Miss Moyo, for the first respondent, while conceding that the appellant’s decision was prima facie correct, submitted that the appellant should have treated the two companies as one single economic entity and held the first mortgage bond against Lasker Brothers (Pvt) Ltd as a basis for finding that the first respondent was Archer Clothing Manufacturers (Pvt) Ltd’s preferential creditor.  She further submitted that the court a quo correctly rectified the first mortgage bond against Lasker Brother’s property to a surety bond securing Archer Clothing Manufacturer’s indebtedness to the first respondent.  She argued that the rectification of the bond justified the setting aside of the appellant’s decision.  I do not agree.

It is common cause that when the appellant ranked the first respondent a concurrent creditor there was no mortgage bond registered between the first respondent and Archer Clothing Manufacturers (Pvt) Ltd.  The bond which was in existence was a first mortgage bond registered against the property of Lasker Brothers (Pvt) Ltd, in favour of the first respondent.  Lasker Brothers (Pvt) Ltd was not indebted to the first respondent.  The first mortgage bond against Lasker Brothers (Pvt) Ltd was therefore not based on any obligation by Lasker Brothers (Pvt) Ltd to the first respondent.

The first respondent’s application to the court a quo was triggered by the appellant’s letter to the first respondent’s legal practitioner’s dated 29 January 2014 in which he said:

“On the issue of CBZ’s status they are as pointed out to yourselves, a concurrent creditor. They have no security as against Archer Clothing Manufacturers. You will note from the papers, copies of which you have that a credit facility, was extended to Archer Clothing Manufacturers (Pvt Ltd on the 23rd December 2010. The same document states clearly that a mortgage bond against 42 Plumtree Road Belmont in the name of Archer Clothing (Pvt) Ltd will be registered.

On I March 2011, a mortgage bond was registered, not against Archer Clothing Manufacturers (Pvt) Ltd, as the recipients of the money, but Lasker Brothers (Pvt) Ltd. This clearly was not valid as Lasker Brothers (Pvt) Ltd never got any money from CBZ your clients.” …… (emphasis added)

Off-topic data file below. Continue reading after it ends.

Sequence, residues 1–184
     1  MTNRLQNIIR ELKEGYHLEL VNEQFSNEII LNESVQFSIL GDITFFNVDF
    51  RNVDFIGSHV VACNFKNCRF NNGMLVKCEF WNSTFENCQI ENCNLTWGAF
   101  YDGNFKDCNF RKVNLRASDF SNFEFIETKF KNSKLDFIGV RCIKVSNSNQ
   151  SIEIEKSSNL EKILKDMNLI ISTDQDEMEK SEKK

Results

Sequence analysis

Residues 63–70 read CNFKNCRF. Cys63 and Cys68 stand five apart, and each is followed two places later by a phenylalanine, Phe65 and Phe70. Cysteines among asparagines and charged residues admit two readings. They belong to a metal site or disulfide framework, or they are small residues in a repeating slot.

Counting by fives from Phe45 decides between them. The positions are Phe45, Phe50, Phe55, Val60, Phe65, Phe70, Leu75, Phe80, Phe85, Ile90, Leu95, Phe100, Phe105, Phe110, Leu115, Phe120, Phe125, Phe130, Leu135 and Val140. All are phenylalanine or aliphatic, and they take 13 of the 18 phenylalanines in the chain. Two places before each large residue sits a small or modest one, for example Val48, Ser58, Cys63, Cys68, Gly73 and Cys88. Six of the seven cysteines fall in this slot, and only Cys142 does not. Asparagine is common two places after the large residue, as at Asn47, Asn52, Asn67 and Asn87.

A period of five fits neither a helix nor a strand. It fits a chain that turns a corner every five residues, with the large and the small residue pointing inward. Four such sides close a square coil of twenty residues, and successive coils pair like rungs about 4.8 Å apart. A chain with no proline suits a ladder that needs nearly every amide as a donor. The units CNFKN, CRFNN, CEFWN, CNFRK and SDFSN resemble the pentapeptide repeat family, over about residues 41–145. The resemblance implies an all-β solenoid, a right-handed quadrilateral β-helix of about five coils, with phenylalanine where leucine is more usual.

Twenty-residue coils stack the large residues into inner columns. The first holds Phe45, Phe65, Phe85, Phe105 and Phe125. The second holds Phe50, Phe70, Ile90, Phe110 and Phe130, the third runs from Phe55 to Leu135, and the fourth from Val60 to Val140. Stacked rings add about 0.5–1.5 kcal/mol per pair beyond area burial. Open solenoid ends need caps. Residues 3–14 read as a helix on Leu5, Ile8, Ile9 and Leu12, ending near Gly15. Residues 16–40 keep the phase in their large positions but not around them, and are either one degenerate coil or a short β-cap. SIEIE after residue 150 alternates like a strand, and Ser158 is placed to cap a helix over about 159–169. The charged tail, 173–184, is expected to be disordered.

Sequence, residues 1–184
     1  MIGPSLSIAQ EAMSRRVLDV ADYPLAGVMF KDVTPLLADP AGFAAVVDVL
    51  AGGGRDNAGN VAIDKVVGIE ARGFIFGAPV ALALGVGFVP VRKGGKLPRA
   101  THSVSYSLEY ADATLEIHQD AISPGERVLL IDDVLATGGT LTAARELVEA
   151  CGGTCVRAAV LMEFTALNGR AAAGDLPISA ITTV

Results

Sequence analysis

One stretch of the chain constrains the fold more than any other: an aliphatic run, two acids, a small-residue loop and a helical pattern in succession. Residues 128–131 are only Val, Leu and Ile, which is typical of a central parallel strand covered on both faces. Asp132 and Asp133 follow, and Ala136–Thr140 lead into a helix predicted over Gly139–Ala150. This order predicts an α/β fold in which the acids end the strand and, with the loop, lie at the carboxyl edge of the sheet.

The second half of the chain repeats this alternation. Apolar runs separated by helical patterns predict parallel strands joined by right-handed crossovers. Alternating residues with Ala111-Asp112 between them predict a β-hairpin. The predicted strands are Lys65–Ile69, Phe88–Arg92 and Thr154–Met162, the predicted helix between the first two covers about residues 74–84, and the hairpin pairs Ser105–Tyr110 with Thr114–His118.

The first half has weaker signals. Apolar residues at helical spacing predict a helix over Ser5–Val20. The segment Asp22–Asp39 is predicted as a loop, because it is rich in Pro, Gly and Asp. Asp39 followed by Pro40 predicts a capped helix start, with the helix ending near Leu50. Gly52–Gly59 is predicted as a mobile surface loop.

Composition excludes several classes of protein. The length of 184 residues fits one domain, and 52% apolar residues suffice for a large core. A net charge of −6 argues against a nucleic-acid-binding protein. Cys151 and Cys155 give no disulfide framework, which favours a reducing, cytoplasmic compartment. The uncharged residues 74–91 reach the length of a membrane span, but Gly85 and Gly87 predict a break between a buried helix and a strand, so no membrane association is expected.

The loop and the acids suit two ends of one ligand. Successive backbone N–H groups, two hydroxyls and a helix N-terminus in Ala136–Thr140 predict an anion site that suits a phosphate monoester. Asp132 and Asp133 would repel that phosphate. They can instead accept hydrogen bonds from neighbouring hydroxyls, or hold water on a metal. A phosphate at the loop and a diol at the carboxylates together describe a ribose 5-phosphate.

This is a correct statement on how Archer Clothing Manufacturers (Pvt) Ltd was granted the loan facility and a first mortgage bond was registered against the property of Lasker Brothers (Pvt) Ltd.  The position is supported by the identity of the parties to the mortgage bond, and what is stated at p 33 of the record, which reads:

“And the Appearer declared that whereas the mortgagor has been granted certain loan, credit and/or facilities by CBZ Bank limited.”

It is common cause that Lasker Brothers (Pvt) Ltd was not granted any facility by the first respondent.  The facility was granted to Archer Clothing Manufacturers (Pvt) Ltd against which it sought to be declared a secured creditor on the basis of a mortgage bond which the first respondent registered against the property of Lasker Brothers (Pvt) Ltd.  The appellant had no authority to rectify the bond. He could not have changed things after concursus creditorium.  He had to make a decision on the basis of the facts as they were, at concursus creditorium. Concursus creditorium occurs at the time of liquidation.   In the case of Ward v. Barret, N. O & Another N.O 1963 (2) SA 546 which was relied on by the appellant, STEYN CJ at p 552 D-G said:

 “In the result, creditors enjoy as from that date, the protection which is necessary to ensure payment according to recognised priority of claims and to prevent the satisfaction of one creditor to the prejudice of another. In Walker v. Syfret NO 1911 AD. 141 at p. 160 Lord De Villres, CJ, held that the effect of an order winding up a company is to establish a concursus creditorium, and nothing can thereafter be allowed to be done by any of the creditors to alter the rights of the other creditors. Innes JA (at p. 166), after stating that a sequestration order crystallises the insolvent’s position went on to say:

‘the hand of the law is laid upon the estate, and at once the rights of the general body of creditors, have to be taken into consideration. No transaction can thereafter be entered into with regard to estate matters by a single creditor to the prejudice of the general body. The claim of each creditor must be dealt with as it existed at the issue of the order.’” (emphasis added)